Who fears to speak of '98?.....a review of the 1998 festival

O’Keeffe festival an outstanding success

The force behind wind and rain had never experienced the delights of the Patrick O’Keeffe Traditional Music Festival before so it gorged itself this year.

It did drop in, albeit briefly, on the Monday two years ago and contributed handsomely to another fine weekend by confining many of the homeward bound musicians to their corners -  and they were very willing victims anyway.

There is no doubting that this festival is one of the best things to hit the town and I’d love to hear an argument to the contrary. Witnessing, through every available sense, a mass of people bent on enjoying themselves on a feast of entertainment served up by their fellow beings is alright by me and who can blame the wind and rain for wanting to be part of it.

It lays itself on us like a fog every year, near enough imperceptible at first and all enveloping thereafter - and boy oh boy do we embrace it.

Those of us who indulge more than we should face a long winter after and it’s not uncommon for the committed to hear the odd stray note wafting from pub doors in the course of the following days.

Saluting pioneers and eyeing them up as potential liver donors is another way of passing these frightfully barren days afterwards. Staring into the fish tank below at Brennan’s or at the four-in-a-row posters up town are the only alternatives it seems - and this empty feeling is common enough apparently.

Visitors from places like Miltown Malbay warned us of the downsides of this type of gathering for years now and it makes no difference. 

The torch ignited by Mary Jones and Peter Browne in 1993 burns furiously and is fiercely demanding of anyone wishing to bask in its glow.

This most unconventional committee - by all available standards - has been added to and enhanced over the past few years by people like Nick Lynch , Cormac O’Mahony and Pats Broderick and an array of durable foot soldier under the chairmanship of Mike Kenny.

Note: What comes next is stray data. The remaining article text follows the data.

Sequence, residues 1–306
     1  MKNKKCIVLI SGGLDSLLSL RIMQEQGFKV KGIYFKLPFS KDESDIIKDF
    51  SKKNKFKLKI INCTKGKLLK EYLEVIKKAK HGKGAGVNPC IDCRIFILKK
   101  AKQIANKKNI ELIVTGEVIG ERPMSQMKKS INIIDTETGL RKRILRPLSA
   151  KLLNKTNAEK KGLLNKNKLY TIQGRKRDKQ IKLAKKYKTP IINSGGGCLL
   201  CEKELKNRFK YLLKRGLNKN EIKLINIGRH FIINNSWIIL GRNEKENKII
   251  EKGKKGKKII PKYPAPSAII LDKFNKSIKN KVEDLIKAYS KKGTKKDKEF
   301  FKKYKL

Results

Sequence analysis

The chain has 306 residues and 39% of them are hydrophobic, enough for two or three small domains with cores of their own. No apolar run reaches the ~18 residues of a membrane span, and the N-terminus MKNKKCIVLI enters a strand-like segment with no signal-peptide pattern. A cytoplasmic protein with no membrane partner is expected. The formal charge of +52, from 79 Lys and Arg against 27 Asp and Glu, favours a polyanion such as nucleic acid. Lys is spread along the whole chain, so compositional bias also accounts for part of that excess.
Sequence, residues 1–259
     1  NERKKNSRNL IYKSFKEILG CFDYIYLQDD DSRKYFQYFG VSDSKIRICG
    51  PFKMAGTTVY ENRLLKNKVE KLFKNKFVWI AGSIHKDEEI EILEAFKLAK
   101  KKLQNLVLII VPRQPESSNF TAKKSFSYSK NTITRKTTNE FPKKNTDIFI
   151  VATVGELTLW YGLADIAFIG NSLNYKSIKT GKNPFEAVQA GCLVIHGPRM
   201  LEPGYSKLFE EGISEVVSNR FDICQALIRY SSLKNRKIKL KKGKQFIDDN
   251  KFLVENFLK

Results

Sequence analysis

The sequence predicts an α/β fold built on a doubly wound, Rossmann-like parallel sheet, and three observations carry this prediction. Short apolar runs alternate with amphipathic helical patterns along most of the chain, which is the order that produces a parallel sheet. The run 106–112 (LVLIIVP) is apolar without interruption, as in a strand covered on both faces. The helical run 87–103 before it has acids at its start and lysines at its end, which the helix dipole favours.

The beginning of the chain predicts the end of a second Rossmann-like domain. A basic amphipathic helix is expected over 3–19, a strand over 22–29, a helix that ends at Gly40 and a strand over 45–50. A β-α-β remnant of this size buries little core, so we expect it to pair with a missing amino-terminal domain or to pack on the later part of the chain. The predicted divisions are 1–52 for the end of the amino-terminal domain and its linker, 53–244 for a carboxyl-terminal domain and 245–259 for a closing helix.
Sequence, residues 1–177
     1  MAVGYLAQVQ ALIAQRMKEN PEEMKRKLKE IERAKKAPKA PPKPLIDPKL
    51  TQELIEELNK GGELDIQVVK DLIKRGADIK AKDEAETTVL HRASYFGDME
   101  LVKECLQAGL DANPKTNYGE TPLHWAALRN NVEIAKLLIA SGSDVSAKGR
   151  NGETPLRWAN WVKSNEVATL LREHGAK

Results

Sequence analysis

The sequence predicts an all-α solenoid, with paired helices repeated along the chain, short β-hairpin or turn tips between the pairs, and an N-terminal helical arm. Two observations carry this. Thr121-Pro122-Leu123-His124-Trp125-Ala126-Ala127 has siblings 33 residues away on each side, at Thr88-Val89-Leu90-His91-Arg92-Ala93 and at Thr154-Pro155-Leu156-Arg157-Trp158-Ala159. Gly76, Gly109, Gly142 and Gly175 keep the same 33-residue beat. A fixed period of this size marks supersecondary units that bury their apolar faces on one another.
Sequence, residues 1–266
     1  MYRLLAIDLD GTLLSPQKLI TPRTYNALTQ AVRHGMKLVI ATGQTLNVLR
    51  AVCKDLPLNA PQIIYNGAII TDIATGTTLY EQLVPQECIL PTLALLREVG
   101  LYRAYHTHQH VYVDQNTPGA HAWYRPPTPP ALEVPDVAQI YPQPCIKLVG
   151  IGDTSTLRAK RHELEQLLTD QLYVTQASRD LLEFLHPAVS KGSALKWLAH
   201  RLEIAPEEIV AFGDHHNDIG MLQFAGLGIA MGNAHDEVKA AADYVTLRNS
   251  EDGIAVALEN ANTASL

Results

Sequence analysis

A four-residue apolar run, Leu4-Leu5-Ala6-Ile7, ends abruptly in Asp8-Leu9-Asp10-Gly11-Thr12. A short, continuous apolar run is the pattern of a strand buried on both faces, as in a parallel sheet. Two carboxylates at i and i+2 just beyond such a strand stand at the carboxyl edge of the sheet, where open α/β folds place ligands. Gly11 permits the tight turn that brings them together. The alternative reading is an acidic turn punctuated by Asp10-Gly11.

Mr. Kenny declared himself well pleased at the shape of this year’s event and he estimated that this was the best to date.

There were fine sessions throughout the town over the weekend and fears that the weather would stop people travelling and put a damper on the proceedings were foundless as they showed up in their droves and from all corners of the country and beyond.

Local fiddle player Paddy Jones was involved in a session at Kearney’s Bar on Sunday night and he reckons that it was one of the best he has ever played in and his fiddle workshop at the Ivy Leaf on Sunday afternoon was a tremendous success also.

The poetry workshop at The Crown proved a real winner this year and looks set to become an integral part of proceedings from here on. The organiser of this novel aspect of the festival, Gina McElligott was delighted at the huge turnout at the Crown on Sunday evening and was looking to next year already.

The launch of the CD An Evening At Sliabh Luachra was hit by a power-cut at the River Island Hotel on Saturday but it failed to detract from the occasion  and if anything it only added to the atmosphere as the hotel side of the street was blacked out for a few hours. 

A tradition now, and one that would be missed, is the input from the  ‘I knew Patrick’ brigade  and I’m sure they did - some of them at least. Tom McCarthy’s is the one pure drop which is continuously wrung from this quarter. They will tell you that they were standing at the corner when Patrick  O’Keeffe himself was thrown out of one public house or another in his heyday - and that McCarthy’s was the only house he was welcomed in.

Well it’s over for another year and the organisers will be taking a backward glance over the next few weeks and thanking people for their many contributions to another fine weekend of music and merriment.


John Reidy  Festival PRO   087 2359467

Main   Founder Member's Address    Contacts    Letter from Ciaran MacMathúna

Tribute to Jerry McCarthy 1995   Patron's Page

Accommodation   Press Release 2001   Past Releases